Archive for the ‘kashmir’ tag
ISLAMABAD: The worst floods in memory in Pakistan have devastated the lives of more than three million people so far, a UN spokesman said on Tuesday, and fury over the unpopular government’s response to the crisis is spreading.
The catastrophe, which started almost a week ago and has killed more than 1,400 people, is likely to deepen as more rains are expected and conditions are ripe for the outbreak of disease.
Pakistani authorities are struggling to help flood victims, many of whom have lost everything and say they had not received any warnings raging waters were heading their way.
Anger was palpable in towns such as Charsadda. A Reuters reporter saw people attacking trucks distributing relief items.
Police then charged at them with batons.
Bistma Bibi, 65, who lost two grandsons in the floods, accused state relief workers of only helping friends or relatives.
“I came here at 5 o’clock in the morning. I did my best. I begged and fought but got nothing. They’re giving them (supplies) to their people,” she said.
Unicef spokesman Abdul Sami Malik told Reuters of the more than three million affected, 1.3 million people were severely impacted by the floods in the northwest, losing homes and livelihoods. More than 1,400 have died, he said.
Religious charities, some with suspected ties to militants, have stepped in to provide aid, piling pressure on the government to show it can take control.
“Since the flood hit our area, I did not see any food or relief packets from the government. Their offices have been washed away or damaged,” said school teacher Yar Mohammad, waiting to cross a makeshift bridge over a river in Swat Valley.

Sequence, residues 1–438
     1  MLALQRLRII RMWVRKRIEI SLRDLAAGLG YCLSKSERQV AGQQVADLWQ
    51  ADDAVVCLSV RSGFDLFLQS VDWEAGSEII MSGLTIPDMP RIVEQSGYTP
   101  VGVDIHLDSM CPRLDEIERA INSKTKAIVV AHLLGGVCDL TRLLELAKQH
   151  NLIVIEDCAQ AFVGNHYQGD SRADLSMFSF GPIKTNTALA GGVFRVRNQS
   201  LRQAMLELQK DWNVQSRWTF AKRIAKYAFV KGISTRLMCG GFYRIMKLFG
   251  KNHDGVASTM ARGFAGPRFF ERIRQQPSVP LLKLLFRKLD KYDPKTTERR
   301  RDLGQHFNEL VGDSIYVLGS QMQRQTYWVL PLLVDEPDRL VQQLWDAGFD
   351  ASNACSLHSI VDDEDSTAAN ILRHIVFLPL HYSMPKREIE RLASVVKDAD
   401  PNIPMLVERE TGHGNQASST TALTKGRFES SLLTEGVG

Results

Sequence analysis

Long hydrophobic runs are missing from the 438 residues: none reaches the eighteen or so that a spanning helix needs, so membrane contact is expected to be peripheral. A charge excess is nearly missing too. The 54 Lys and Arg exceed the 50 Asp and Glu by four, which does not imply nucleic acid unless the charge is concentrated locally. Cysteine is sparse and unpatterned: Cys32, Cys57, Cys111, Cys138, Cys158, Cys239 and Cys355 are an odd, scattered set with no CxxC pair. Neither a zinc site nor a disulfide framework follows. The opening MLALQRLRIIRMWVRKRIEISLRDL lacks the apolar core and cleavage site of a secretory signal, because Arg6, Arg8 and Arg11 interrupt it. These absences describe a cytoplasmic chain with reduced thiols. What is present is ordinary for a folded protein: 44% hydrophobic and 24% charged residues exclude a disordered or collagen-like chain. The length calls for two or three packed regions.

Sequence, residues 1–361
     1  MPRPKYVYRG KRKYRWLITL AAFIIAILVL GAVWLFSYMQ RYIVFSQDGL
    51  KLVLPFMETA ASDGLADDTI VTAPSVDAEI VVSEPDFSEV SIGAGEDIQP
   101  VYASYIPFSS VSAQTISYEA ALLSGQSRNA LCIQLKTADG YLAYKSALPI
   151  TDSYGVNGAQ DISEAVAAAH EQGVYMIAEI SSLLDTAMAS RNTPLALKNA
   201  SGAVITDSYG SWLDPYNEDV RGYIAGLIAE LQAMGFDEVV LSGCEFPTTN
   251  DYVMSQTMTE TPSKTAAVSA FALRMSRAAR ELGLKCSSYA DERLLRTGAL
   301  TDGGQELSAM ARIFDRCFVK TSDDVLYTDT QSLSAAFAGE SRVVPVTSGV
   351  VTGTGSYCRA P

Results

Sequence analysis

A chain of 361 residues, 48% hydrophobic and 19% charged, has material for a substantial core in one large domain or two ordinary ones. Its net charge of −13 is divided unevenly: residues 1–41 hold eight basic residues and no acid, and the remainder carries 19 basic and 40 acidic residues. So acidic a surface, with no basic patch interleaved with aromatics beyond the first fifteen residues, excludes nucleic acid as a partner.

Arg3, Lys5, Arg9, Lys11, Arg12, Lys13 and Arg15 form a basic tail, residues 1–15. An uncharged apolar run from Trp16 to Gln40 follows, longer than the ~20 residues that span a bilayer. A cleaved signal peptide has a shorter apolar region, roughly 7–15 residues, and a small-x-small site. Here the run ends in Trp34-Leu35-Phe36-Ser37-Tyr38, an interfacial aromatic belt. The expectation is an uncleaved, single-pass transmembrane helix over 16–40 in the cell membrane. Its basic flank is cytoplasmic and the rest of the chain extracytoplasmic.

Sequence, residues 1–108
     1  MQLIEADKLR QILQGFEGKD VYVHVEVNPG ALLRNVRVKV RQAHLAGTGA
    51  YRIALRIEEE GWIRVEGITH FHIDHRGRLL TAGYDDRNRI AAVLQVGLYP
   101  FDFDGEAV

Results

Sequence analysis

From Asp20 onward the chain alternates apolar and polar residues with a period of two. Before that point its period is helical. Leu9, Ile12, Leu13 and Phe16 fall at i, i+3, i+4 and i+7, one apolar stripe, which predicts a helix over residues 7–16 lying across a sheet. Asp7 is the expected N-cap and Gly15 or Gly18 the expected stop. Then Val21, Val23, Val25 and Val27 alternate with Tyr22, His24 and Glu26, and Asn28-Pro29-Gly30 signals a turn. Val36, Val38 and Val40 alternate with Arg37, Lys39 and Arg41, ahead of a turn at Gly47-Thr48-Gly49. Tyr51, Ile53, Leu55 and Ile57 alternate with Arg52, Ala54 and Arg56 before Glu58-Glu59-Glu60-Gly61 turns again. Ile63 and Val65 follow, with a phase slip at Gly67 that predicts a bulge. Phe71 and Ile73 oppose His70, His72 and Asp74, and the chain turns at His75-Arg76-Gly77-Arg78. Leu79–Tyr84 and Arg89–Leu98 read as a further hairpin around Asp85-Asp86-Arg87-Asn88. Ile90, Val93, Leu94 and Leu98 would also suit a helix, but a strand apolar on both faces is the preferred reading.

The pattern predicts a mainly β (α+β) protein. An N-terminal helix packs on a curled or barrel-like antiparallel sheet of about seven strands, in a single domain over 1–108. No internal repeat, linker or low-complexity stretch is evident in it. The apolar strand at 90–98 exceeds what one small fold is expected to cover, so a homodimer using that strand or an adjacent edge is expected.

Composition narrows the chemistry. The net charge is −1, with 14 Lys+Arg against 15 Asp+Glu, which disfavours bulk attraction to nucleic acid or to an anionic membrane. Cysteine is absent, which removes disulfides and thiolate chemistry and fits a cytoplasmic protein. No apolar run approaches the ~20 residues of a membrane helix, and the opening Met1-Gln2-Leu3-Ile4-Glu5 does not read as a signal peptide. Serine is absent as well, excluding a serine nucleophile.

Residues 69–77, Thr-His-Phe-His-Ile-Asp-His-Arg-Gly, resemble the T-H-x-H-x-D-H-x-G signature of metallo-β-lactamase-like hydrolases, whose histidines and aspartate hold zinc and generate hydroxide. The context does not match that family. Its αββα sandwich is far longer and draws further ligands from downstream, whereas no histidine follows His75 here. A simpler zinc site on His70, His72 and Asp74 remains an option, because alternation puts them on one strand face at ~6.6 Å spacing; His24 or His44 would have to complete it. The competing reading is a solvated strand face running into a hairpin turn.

Religious groups played a key role in the relief effort following a 2005 earthquake in Kashmir that killed 75,000 people.
Trying times for government
The government faces resilient militants, who often try to capitalise on a lack of civil services to recruit disillusioned Pakistanis to take up arms against the state.
Authorities forecast more of the heavy monsoon rains that have been lashing the area for the past week. Pakistan’s National Disaster Management Authority said more than 29,500 houses were damaged and a key trade highway to China was blocked by flooding.
Waters have receded in some flooded areas. But Unicef’s Malik expressed concern that waters were spreading from the worst hit province of Khyber Pakhtunkhwa to Pakistan’s Punjab heartland, the major food-producing province, as well as the Sindh region.
Several parts of southern Punjab have been hit by floods.
The army said that 20,000 people have been rescued there.
In the northwest, the bloated, infected carcasses of animals floated on the water, raising the spectre of diseases such as cholera. Food prices are also rising sharply as agriculture has been wiped out, adding to the people’s misery.
“Roads to some districts are no longer there. Coping mechanisms of people are lost because they don’t have any assets to sell to buy food,” said Mohammad Rafiq from Unicef.
Source : dawn news
ISLAMABAD: The number of people suffering from the massive floods in Pakistan could exceed the combined total in three recent megadisasters – the 2004 Indian Ocean tsunami, the 2005 Kashmir earthquake and the 2010 Haiti earthquake – the United Nations said Monday.
The death toll in each of those three disasters was much higher than the 1,500 people killed so far in the floods that first hit Pakistan two weeks ago. But the Pakistani government estimates that over 13 million people have been affected - two million more than the other disasters combined.
The comparison helps frame the scale of the crisis, which has overwhelmed the Pakistani government and has generated widespread anger from flood victims who have complained that aid is not reaching them quickly enough or at all.